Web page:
Garage doors are surprisingly heavy. Combined with the variety of moving parts, the largest door in your home can present a safety hazard. Thousands of people are injured by garage doors each year, in the United States alone.
The US Consumer Product Safety Commission reports over 15,000 injuries related to garage doors annually. This is a high enough number to remind yourself and your family members that safety in the garage is no laughing matter.
Follow these 12 tips to ensure the safety of yourself, your family, and your friends.
1. The Door Is Not a Toy
Children are adventurous by nature and their wild imaginations allow even simple objects around the home to become something otherworldly. While fostering this trait is great, it is important to set boundaries when danger becomes a factor.
The garage door can look like a fun ride for children who do not know better. Kids have been known to grab on to the door as it ascends, riding it up and dropping off at the last minute. Hand, leg, and neck injuries have all been reported from this activity. Remind children of all ages that the door is not a toy and can be dangerous if misused.
2. Do Not Leave the Door Cracked Open
Drive through any neighborhood and you will likely see garage doors left open with a foot or two of space. Many homeowners do this to allow airflow or let pets come and go.
This practice presents a danger as a thief could see this as a chance to get inside your home. This is a dangerous scenario that is easily avoided by keeping your door closed when not in use.
3. Watch for Pinch Points
Of the 15,000 garage door-related injuries each year, half are due to fingers becoming trapped in door panels as the door raises or lowers. Some doors have protections to prevent this type of injury but not all do.
4. Protect the Remote
There are multiple reasons to protect your garage door remote. First, leaving it visible in your car could be inadvertently inviting intruders. Make sure the remote is concealed in the glove box or center console.
Secondly, the remote could be seen as a toy for children. The temptation to play with the door via remote may be too much to resist. While most doors have safety mechanisms in place, a spring or motor failure could lead to danger.
5. Protect Your Passcode
You should be treating the keycode to your garage door like the PIN to your bank card. Access to your garage is access to your home. Set a unique code and consider changing it annually, at a minimum.
If your keypad allows for multiple codes, choose one for guests to use that can be reset after their departure. Take your garage door passcode seriously.
6. You Are Not Indiana Jones!
The simple rule of thumb is: If the garage door is moving, you should not be under it. This goes for opening and closing. Garage doors have safety features, but they are not immune to failure. Just leave the hat behind and reopen the door rather than sliding or reaching under the door.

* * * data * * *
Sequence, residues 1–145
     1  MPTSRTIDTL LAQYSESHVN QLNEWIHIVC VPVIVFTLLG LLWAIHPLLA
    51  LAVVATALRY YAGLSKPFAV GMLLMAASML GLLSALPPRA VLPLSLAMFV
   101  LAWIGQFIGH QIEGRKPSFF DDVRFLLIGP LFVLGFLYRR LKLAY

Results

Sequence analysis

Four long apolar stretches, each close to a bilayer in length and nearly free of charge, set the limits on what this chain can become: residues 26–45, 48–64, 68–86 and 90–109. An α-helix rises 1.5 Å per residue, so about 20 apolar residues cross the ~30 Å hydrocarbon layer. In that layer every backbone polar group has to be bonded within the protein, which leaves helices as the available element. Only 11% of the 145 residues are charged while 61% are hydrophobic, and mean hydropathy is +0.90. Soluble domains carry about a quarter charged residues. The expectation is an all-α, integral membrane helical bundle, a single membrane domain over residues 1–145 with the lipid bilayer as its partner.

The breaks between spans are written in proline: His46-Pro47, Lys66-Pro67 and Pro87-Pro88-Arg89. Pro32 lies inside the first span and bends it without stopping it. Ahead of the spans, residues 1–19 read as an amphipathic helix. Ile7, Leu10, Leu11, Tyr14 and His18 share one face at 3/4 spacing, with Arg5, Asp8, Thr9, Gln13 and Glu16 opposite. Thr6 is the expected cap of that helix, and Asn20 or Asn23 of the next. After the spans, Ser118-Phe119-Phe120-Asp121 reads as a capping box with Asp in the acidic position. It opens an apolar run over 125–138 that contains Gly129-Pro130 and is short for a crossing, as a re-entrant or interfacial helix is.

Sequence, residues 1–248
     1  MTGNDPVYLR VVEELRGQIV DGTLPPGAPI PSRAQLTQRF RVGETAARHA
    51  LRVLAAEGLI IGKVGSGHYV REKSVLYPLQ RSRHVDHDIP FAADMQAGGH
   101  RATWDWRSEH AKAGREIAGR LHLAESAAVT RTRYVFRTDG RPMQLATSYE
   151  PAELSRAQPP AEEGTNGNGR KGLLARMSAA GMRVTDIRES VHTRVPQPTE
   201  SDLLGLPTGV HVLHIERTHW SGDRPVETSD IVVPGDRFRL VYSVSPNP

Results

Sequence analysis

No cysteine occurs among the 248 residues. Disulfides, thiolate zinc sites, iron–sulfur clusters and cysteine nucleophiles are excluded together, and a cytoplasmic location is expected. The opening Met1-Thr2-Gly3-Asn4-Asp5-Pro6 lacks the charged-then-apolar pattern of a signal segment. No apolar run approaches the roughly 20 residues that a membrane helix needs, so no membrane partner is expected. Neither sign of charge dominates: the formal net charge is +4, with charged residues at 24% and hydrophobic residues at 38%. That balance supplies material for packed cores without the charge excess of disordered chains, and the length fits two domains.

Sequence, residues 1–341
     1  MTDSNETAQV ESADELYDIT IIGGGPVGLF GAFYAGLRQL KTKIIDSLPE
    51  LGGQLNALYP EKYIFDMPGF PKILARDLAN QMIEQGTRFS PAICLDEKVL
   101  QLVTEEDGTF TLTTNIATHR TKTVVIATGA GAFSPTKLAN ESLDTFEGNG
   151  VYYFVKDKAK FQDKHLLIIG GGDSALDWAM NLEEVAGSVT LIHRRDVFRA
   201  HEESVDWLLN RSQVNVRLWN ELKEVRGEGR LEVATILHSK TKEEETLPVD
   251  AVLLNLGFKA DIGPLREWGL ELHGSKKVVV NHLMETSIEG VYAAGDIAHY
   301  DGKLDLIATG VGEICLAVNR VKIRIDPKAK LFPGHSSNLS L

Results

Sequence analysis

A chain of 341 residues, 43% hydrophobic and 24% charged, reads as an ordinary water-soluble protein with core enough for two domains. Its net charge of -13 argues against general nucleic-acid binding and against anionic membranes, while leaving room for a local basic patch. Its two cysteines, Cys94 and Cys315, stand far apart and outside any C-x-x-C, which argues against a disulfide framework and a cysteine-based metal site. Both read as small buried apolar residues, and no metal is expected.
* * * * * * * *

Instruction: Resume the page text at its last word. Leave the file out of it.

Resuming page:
7. Check the Sensors
The sensors, also called photo-eyes, are usually attached to the garage door rails within half a foot of the ground. If something passes between the eyes, the door reverses course and opens.
Test the photo-eyes monthly to ensure their proper operation. To perform a test, you will need your garage door opener remote and a broom. From the open position, close your garage door. As the door closes, thrust the broom in the path of the photo-eyes. If the door stops and goes up, your photo-eyes are working properly.
8. Check the Reverse
Unless your garage door is over 30 years old, it should have a mechanism that forces the door to reverse if it touches something. Test this feature each month to ensure its proper operation.
To perform a test, you will need your garage door opener remote and a roll of paper towels. Put the paper towels below the door on their side. Close the door. As the door touches the roll of towels, it should reverse and open. If it does, your reversing mechanism is working properly.
9. Have Your Garage Door Inspected
Regular inspection of your door by a professional is the ideal way to feel secure that your door is in great, safe shape. This step is vital if there has been any damage to your door like an accidental bump by the car or a tree falling into it.
10. Consult Your Owner’s Manual
The operation of a properly functioning garage door is pretty basic. Simply push the button to open or close it. However, simplicity disappears when something goes wrong.
The owner’s manual will tell you how to open your door in a power failure or other emergency limiting its automatic operation. Additionally, it will recommend at-home steps for diagnosing issues.
11. Double Check the Door
As you leave or return home, always look back to make sure the door has fully closed. A door that remains open can be a sign of a problem and allow someone to enter your garage uninvited.
There is no worse feeling than getting to your destination and wondering if your door is closed. Avoid this insecurity by watching your door close each time you leave.
12. Consult a Professional for Repairs
Many projects around the house can be done to varying degrees of success without much penalty. However, an ill-repaired garage door can lead to major problems and an unsafe environment.
If you notice damage or have trouble diagnosing a problem via the owner’s manual, call a garage door company for help. Their professionals have the expertise that will prove invaluable. A DIY repair will likely lead to more costly problems down the line. Call in an expert if a problem arises for efficient, expert repairs.